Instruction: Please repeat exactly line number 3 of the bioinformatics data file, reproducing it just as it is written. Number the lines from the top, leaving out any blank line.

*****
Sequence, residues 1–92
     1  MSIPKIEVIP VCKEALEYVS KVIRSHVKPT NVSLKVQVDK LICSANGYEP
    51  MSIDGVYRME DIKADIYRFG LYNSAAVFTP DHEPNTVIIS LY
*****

    51  MSIDGVYRME DIKADIYRFG LYNSAAVFTP DHEPNTVIIS LY